According to findings from a study published in the British Journal of Medicine, the development of valvular heart disease in patients with chronic heart failure is underestimated and rarely treated.
In the past, mitral regurgitation has been interpreted as part of the progression of heart failure rather than a treatable disease in its own right. However, it is important to understand that mitral regurgitation is a disease, in which the valve between the left atrium and left ventricle starts to leak, so that blood refluxes with each heartbeat. The most typical symptoms of mitral regurgitation include increasing fatigue, increased shortness of breath on physical exertion and water retention in the lungs and legs. Mitral regurgitation may also be associated with atrial fibrillation. The disease is associated with a significant reduction in life expectancy and frequent hospital referrals.
Mitral regurgitation is particularly dangerous and more common in patients with chronic heart failure as reported by study researchers who analysed data from more than 13,000 patients with heart failure and who had a cardiac ultrasound scan. Findings suggest a correlation between patient mortality and mitral regurgitation.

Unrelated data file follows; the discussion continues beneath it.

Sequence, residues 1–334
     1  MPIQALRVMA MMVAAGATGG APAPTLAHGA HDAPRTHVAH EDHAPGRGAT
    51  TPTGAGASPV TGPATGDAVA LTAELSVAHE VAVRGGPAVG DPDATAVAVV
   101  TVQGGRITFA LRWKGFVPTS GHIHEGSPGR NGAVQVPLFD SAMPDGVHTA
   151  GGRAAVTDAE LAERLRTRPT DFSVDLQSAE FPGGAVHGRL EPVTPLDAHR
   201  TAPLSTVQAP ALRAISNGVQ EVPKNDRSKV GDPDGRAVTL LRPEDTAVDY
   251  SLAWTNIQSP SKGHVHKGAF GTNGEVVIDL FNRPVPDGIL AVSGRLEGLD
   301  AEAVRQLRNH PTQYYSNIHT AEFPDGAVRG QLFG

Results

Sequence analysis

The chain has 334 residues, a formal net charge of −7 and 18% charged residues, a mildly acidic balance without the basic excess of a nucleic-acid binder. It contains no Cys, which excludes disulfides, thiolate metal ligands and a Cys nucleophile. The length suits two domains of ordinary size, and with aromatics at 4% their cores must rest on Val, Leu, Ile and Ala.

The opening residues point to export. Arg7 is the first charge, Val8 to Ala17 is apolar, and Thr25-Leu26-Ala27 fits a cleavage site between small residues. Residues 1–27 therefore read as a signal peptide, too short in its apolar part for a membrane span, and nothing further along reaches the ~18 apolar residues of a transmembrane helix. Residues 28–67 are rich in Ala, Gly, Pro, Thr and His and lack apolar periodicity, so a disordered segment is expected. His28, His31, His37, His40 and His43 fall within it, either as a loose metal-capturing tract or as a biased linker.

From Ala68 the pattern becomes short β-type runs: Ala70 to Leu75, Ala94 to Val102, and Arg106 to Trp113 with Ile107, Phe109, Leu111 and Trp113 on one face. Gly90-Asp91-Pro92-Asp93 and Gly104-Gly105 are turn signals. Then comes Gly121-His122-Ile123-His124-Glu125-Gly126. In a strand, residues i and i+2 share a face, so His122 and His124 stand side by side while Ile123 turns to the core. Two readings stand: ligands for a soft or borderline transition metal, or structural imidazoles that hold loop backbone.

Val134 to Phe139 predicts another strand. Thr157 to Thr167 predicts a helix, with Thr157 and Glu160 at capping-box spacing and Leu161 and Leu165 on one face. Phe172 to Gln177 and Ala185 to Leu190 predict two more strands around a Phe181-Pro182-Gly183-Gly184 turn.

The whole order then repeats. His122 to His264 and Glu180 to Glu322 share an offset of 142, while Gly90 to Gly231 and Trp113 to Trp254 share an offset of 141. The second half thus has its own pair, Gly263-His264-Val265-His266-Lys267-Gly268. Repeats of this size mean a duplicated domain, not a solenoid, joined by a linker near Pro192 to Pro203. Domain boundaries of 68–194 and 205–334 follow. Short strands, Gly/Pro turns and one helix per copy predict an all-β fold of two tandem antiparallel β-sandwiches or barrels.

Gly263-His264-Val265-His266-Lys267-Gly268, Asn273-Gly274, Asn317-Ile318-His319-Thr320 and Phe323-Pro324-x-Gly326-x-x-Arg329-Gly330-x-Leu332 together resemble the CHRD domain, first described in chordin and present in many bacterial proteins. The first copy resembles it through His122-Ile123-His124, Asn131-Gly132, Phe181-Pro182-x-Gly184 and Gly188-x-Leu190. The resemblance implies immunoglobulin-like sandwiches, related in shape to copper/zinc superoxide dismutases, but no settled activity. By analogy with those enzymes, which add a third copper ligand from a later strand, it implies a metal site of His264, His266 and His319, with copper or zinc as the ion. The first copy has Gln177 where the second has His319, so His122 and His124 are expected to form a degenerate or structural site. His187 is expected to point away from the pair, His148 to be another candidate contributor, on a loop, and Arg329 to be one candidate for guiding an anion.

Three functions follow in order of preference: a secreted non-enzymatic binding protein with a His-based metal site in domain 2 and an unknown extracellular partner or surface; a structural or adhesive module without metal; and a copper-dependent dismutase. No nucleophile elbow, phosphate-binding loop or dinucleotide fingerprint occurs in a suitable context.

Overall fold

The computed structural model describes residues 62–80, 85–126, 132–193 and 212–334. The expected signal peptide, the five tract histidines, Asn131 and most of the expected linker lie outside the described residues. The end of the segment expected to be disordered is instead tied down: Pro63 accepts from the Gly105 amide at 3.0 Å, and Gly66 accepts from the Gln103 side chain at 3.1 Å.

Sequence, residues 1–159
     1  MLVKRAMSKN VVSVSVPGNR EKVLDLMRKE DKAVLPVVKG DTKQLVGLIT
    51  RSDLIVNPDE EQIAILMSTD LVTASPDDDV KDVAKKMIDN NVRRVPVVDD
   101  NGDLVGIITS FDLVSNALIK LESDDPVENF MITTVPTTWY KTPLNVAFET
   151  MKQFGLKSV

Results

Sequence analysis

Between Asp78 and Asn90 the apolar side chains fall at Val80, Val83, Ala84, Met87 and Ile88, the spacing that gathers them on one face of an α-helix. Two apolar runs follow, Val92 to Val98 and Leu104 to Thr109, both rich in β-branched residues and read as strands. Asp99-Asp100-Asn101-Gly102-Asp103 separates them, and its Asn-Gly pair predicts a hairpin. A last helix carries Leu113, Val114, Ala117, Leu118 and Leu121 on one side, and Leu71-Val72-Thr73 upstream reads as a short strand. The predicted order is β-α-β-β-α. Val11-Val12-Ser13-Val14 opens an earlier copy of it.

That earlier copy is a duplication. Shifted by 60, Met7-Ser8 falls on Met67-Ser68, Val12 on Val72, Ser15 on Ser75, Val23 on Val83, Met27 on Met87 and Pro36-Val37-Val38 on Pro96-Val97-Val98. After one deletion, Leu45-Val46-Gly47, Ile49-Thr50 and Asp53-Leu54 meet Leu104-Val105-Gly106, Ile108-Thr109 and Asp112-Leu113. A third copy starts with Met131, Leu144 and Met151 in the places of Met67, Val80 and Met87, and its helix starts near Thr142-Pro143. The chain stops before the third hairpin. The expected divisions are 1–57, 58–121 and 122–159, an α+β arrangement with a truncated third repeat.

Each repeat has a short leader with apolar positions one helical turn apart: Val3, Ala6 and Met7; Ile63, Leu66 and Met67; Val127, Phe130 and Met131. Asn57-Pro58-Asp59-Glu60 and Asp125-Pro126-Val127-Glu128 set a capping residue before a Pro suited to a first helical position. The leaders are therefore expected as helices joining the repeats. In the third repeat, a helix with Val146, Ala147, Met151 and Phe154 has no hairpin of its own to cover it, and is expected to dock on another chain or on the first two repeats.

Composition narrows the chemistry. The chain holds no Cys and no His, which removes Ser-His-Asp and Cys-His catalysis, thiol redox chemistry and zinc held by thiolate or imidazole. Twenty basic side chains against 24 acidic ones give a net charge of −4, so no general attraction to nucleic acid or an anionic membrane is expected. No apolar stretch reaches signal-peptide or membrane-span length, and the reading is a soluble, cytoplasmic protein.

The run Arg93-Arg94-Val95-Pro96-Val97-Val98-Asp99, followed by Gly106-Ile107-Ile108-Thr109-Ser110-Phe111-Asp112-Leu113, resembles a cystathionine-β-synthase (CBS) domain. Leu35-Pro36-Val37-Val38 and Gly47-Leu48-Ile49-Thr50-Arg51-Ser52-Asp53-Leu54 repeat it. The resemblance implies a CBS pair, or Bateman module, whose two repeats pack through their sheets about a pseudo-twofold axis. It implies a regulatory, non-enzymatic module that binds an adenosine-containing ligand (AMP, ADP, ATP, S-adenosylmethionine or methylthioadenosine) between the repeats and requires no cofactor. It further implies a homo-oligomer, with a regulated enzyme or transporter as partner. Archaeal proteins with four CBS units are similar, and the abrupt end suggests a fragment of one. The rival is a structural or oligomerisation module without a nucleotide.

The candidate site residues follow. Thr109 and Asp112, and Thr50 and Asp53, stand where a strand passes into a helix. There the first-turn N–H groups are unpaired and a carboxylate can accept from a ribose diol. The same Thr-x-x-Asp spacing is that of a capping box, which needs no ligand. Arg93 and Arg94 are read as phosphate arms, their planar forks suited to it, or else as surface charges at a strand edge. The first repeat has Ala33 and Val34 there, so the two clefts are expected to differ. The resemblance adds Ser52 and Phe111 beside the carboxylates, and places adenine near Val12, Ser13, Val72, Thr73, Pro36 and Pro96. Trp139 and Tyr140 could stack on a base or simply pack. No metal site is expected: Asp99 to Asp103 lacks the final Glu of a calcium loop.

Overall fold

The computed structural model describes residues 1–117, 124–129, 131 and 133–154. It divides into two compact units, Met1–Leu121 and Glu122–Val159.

"Mitral regurgitation has hitherto often been interpreted as the progression of heart failure rather than as a treatable disease in its own right. The results of the study show that mitral regurgitation is much more prevalent in patients with chronic heart failure than was previously thought and that it has a particularly negative impact on the long-term prognosis of the patient," explains Georg Goliasch from the Division of Cardiology within the Department of Medicine II at Vienna General Hospital and MedUni Vienna.
Mitral regurgitation has rarely been treated as a separate disease in patients with chronic heart failure mainly due to the lack of treatment options. The only option for treating mitral regurgitation in the past was open-heart surgery, an intervention that is considered much riskier in patients with chronic heart failure.
However, in recent years, there has been increased focus on heart valve disease and new, minimally invasive treatment options have been developed. It is now possible to treat patients with heart valve disease who could not have been treated previously or for whom treatment would have carried a higher risk. Transcatheter techniques can be carried out with much less risk.
Study findings also show that the probability of developing a heart valve defect increases with age. Because of the increasing life expectancy of the general population, it is safe to assume that the number of cases of this disease are likely to to increase in the near future. Hence, clinicians need to be prepared for these challenges.
Source: Medical University of Vienna
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